Funeral director Michelle Pukepuke is heartbroken over the new Ministry of Health (MOH) guidelines surrounding funerals and burials.
“We tried to explain this morning to a MOH representative that children are going to die during this lock down.
“They want us to go into a home and take a child from their parents and that they won't see that child again, when we actually have an alternative,” Michelle Pukepuke says.
The new guidelines include:
* One person appointed to make all funeral arrangements.
* Whānau pani and other mourners prohibited from entering the funeral home for viewing tūpāpaku, karakia, poroporoaki and mihi.
* Funeral directors are encouraged to bury and cremate tūpāpaku quickly.
* If storage facilities are available, whānau may place the bodies of their loved one in cold storage for a funeral after the lockdown.
John Whaanga, MOH Deputy Director-General Māori Health, says that this not to trample on whānau traditions.
Funeral director Allen Pukepuke feels that the MOH should have consulted more widely with funeral directors before imposing these new measures.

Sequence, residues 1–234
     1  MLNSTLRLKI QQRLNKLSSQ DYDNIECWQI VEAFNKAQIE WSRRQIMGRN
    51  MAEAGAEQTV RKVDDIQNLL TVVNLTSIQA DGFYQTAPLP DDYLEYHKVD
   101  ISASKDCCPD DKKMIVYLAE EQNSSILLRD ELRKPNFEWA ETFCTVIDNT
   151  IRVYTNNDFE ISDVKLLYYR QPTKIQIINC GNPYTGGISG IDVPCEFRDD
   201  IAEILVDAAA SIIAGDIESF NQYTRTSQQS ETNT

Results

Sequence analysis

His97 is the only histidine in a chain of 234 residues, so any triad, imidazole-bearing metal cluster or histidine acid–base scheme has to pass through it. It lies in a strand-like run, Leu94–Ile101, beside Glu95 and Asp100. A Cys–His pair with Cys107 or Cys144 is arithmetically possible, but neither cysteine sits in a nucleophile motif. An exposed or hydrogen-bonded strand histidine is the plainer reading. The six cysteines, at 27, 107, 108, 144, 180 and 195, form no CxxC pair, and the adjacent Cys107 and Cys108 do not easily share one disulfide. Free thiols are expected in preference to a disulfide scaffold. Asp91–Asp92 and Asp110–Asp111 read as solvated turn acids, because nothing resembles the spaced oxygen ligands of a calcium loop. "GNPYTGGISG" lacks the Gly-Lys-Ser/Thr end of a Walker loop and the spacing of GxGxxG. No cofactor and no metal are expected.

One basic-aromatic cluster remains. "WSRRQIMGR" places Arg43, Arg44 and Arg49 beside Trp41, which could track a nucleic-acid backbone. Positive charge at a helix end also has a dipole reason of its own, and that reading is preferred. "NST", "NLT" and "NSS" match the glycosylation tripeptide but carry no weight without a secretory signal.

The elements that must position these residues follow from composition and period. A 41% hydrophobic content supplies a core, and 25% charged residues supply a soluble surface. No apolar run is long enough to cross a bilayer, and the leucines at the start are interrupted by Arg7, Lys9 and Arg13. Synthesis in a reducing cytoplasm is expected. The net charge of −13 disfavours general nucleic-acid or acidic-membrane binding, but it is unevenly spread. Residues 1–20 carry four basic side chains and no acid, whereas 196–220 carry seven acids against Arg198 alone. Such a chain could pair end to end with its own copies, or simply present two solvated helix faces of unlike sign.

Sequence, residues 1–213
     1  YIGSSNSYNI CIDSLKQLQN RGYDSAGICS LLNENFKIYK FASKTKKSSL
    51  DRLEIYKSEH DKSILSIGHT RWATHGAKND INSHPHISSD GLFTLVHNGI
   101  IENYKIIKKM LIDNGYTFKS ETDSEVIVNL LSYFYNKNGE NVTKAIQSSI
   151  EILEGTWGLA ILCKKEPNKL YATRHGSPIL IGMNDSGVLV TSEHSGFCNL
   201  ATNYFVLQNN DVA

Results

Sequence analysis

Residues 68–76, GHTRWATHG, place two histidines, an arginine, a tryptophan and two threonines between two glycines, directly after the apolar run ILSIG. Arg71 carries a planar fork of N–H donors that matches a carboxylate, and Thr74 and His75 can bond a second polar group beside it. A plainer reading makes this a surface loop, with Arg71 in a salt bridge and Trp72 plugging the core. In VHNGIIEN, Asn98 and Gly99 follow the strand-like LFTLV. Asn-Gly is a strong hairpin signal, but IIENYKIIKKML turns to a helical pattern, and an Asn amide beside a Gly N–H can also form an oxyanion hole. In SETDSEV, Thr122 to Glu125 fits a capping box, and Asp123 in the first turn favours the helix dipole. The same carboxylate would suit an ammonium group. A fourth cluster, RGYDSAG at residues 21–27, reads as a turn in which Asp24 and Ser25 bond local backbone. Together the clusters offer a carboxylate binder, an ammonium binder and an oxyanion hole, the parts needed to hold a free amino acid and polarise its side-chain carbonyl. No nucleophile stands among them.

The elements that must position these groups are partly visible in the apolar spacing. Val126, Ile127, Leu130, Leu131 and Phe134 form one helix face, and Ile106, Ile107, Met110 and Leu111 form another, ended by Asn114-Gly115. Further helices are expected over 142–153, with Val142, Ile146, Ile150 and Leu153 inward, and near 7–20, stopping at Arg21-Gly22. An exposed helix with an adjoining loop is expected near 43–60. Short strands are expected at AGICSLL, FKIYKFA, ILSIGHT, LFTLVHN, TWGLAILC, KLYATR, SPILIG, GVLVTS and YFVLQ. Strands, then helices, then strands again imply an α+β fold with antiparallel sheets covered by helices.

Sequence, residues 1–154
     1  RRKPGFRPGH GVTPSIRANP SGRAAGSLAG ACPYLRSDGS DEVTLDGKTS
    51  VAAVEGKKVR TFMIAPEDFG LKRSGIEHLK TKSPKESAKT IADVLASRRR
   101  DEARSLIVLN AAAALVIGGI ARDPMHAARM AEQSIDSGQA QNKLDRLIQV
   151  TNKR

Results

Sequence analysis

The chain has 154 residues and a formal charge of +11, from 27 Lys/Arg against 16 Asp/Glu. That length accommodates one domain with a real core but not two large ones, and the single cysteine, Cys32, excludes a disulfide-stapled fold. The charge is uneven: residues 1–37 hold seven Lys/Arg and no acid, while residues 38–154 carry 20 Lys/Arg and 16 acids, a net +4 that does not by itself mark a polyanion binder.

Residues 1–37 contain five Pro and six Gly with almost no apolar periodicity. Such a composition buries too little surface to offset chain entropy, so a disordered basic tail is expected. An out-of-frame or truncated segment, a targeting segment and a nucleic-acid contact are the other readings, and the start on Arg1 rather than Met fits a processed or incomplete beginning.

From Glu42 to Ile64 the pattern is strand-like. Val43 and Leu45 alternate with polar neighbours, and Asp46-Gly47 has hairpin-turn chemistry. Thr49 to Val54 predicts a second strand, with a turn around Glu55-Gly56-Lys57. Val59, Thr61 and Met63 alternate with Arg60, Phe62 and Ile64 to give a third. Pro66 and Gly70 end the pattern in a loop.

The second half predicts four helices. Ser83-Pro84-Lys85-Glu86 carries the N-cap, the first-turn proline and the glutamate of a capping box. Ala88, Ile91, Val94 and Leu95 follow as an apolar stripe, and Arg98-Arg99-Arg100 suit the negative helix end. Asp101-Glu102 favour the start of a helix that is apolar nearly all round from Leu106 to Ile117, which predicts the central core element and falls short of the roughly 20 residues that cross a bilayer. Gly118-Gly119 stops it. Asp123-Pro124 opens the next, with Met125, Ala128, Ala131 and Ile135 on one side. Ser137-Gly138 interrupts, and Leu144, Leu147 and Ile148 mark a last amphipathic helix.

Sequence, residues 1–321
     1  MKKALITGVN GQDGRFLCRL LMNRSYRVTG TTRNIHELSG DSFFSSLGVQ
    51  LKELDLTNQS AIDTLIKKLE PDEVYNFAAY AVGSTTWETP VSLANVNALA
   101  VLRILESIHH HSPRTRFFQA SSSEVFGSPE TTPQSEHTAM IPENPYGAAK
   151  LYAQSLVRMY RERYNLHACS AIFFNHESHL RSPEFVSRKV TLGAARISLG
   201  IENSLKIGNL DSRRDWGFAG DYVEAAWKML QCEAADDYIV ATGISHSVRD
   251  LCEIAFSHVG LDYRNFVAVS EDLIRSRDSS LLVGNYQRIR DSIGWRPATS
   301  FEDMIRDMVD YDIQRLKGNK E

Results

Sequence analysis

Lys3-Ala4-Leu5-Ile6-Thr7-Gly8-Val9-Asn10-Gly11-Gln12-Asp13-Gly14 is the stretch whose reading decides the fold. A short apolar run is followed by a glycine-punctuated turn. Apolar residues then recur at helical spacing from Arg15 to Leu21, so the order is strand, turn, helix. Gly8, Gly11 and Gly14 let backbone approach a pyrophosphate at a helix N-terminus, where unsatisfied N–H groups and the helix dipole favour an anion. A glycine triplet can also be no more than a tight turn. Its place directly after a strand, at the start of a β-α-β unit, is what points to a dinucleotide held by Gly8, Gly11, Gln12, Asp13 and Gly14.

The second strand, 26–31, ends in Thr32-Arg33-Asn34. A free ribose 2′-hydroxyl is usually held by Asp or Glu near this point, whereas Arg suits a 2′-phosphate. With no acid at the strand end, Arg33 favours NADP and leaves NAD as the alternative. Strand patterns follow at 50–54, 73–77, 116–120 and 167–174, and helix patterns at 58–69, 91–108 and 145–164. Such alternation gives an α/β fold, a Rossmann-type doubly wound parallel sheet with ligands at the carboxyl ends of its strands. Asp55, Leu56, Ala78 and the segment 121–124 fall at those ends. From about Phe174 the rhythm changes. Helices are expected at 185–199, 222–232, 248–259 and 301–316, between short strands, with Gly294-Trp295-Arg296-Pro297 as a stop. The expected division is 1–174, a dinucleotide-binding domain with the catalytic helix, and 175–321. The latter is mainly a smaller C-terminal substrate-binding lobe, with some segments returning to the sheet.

“I'm certainly sure that a little more dialogue with us who are at the front line, with our people, would've made it a little bit more user friendly for whānau,” he says.
The MOH says that these measures are in place to protect whānau and keep people safe while the killer virus is around.
They add that conversations about alternatives are ongoing.
Michelle Pukepuke says, “They'll never get this time back. We'll get our time back to go to the zoo, to go to the beach, we'll have our weddings and our 21st.
“But our whānau are never going to get this time back.”
This policy will be in place until either the levels have lifted or an alternative measure is adopted.